you wrote: “will it make that much difference if we invest”…
Assuming it’s possible to up-size your condenser, of course it would make a difference! But before you do anything else, you should make sure there’s not something else that’s causing your system to under-perform (leaky ducts, dirty or undersized filter, unbalanced air distribution, improper airflow setting, inadequate duct system or restrictions, improper charge level, etc).
In any case, I’m not sure it makes sense to replace a relatively new AC because it couldn’t keep up with a once-in-a-century heat wave. You should at least eliminate other possible problems before considering a new AC.
Thank you David. Excellent advisement.
I’ll get some model info. I can get a gauge too. Appreciate the help.
I am adding an HRV to my house. It is a 2 storey +basement, but the basement is mostly a separate apartment, so I will disregard that for the moment. Ideally the HRV would go into the small area of the basement that is our laundry and utility room. I don’t think I can get the 2x 6″ ducts from there up to the 2nd floor in any sensible manner. I’m looking at putting the HRV in the attic to accommodate the ducting. My plan is to build a small room in the attic for the HRV, with vapour barrier and insulation, as if it were any other exterior wall. Do you see any issue with this approach? For the ducts in the attic I am thinking I will put some sort of dam (OSB maybe?) on either side of them and fill them with blow-in fiberglass. Thoughts?
Allison et al
Hello! Another non HVAC expert homeowner here. I haven’t seen it explicitly mentioned but how do folks here feel about sealing methods like Aeroseal and Aerobarrier?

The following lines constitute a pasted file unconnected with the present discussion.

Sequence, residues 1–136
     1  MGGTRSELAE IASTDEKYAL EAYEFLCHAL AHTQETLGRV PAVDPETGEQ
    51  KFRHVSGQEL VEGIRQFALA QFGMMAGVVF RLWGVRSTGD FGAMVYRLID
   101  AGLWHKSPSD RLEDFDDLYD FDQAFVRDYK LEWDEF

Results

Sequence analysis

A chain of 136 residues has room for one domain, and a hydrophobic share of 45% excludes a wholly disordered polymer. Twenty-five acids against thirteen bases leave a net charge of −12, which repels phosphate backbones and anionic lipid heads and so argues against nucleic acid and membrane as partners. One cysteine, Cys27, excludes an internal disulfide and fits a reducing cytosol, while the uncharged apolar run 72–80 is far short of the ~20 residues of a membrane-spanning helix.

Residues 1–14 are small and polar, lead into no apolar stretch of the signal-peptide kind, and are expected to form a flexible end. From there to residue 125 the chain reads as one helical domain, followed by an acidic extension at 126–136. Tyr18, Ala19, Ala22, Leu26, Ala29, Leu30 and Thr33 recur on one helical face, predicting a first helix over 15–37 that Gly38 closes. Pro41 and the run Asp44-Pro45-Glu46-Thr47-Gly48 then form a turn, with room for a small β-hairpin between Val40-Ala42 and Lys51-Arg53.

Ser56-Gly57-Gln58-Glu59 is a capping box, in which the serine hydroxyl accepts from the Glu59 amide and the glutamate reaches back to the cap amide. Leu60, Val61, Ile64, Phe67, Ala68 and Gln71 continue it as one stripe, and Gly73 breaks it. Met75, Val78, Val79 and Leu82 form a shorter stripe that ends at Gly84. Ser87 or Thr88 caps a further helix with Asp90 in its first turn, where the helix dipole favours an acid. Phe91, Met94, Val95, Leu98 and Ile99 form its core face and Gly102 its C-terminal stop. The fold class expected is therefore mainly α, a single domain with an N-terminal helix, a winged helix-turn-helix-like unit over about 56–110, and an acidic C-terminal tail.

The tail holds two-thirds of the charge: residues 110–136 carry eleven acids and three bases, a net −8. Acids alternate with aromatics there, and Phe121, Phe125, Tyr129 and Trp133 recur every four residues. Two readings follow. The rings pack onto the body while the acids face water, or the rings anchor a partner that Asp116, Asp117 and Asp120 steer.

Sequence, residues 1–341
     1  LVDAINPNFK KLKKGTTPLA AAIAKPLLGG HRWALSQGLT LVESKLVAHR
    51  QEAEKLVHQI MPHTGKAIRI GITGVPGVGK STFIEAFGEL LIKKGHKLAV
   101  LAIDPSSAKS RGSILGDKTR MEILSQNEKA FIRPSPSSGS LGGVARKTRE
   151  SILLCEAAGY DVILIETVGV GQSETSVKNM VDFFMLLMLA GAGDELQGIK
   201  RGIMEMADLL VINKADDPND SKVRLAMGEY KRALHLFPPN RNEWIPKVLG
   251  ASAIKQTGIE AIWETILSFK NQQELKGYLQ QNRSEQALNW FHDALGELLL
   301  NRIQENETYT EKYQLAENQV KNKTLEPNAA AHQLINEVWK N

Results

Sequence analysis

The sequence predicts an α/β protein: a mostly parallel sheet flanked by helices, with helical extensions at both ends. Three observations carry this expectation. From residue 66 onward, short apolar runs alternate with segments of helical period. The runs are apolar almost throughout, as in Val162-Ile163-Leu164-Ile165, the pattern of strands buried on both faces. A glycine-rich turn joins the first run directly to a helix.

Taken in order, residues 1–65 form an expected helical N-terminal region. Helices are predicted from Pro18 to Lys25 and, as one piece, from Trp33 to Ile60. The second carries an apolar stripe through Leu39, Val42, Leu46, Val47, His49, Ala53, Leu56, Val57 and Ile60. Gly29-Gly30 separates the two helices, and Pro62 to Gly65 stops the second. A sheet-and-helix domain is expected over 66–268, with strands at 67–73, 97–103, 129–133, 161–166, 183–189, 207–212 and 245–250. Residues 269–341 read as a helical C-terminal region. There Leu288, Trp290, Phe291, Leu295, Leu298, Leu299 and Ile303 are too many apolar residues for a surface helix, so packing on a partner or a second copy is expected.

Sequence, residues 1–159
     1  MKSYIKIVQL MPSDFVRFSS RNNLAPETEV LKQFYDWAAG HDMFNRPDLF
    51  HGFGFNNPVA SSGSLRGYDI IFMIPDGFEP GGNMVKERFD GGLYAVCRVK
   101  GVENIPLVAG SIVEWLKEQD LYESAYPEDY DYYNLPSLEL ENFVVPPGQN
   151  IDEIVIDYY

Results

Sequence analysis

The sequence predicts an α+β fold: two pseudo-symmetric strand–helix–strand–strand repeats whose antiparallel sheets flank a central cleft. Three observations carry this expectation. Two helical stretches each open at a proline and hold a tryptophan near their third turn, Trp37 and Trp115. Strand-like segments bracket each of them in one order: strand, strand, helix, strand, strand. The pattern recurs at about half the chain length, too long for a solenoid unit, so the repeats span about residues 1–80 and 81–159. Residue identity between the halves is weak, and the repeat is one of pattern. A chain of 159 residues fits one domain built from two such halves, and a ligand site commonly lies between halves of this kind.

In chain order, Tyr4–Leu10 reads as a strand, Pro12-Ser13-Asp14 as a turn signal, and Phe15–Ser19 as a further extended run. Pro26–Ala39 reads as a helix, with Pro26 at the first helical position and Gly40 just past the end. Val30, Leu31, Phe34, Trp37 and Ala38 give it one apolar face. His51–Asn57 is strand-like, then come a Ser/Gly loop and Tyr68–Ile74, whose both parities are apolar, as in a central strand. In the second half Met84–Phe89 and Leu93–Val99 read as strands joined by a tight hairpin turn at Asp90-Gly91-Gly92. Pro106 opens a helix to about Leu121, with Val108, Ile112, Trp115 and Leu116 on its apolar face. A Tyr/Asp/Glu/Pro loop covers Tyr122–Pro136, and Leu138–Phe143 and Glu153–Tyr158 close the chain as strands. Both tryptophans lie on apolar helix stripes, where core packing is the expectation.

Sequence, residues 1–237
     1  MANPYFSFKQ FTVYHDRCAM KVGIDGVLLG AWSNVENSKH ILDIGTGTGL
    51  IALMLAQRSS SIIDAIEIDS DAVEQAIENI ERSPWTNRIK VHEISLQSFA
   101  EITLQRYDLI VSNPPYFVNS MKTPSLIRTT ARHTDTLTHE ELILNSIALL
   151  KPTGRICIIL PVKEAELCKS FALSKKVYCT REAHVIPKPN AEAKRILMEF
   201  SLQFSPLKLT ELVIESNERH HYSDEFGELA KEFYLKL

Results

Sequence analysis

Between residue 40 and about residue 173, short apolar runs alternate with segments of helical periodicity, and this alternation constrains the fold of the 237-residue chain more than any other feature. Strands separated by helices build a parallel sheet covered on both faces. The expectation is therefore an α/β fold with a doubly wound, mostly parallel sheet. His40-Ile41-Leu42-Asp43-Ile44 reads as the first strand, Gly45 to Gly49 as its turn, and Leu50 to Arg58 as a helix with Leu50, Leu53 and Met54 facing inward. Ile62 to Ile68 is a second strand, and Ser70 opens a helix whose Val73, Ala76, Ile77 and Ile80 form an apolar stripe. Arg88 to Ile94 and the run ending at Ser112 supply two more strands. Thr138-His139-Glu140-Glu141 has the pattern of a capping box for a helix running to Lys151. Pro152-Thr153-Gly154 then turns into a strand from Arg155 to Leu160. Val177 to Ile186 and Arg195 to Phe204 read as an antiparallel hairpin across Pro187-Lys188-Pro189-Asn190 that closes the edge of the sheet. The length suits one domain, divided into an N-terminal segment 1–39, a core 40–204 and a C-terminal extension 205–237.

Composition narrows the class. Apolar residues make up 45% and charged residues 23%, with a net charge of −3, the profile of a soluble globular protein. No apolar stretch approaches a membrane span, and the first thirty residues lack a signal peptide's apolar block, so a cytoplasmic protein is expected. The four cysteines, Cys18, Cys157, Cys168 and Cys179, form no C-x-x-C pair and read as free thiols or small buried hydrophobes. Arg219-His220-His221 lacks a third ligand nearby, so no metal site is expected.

Martin: I think Aeroseal and Aerobarrier are great. The former is for sealing ducts and can be really helpful in existing homes where you can’t access all the ductwork, either because it’s trapped in building assemblies, covered by insulation you don’t want to disturb, or just too hard to get to. They use a water-based sealant that sticks in the holes when they pressurize the system. They monitor the pressure as the sealant does its job and stop when they get the target level of airtightness.
The problem is cost and where the most effective investment is for your dollars. If you have inaccessible duct work that is verified with a duct blaster test to be leaking into unconditioned space then it MAY be worth the investment in aeroseal treatment.
Given the need to improve indoor air quality in tight homes it is probably more effective to air seal at the typical air barrier (wallboard) and ventilate with positive air pressure to control the fresh air source. Dense packing walls is super effective at air sealing. Starting with a blower door test with IR camera is an diagnostic essential guide. Just my untested thoughts.
Very interested in this Aeroseal conversation as I have a single story homes in Arizona and the solar salesman says they do Aeroseal as part and parcel of their solar install.
Chris brings up the value of economics of it. Is this an expensive service being offered in your parts of the country? I’m not seeing anyone selling it near me.
If I go ahead with the solar install I would certainly let them do it but would much sooner have it well done, and a measurement before and after with a blower test to know that it was of value.
This whole topic had me getting curious enough to try to get into my attic (unconditioned) and have a better look at my ducting. I’m not expecting too much being in a definite tract built area.
Thanks for any more info on this Aeroseal idea.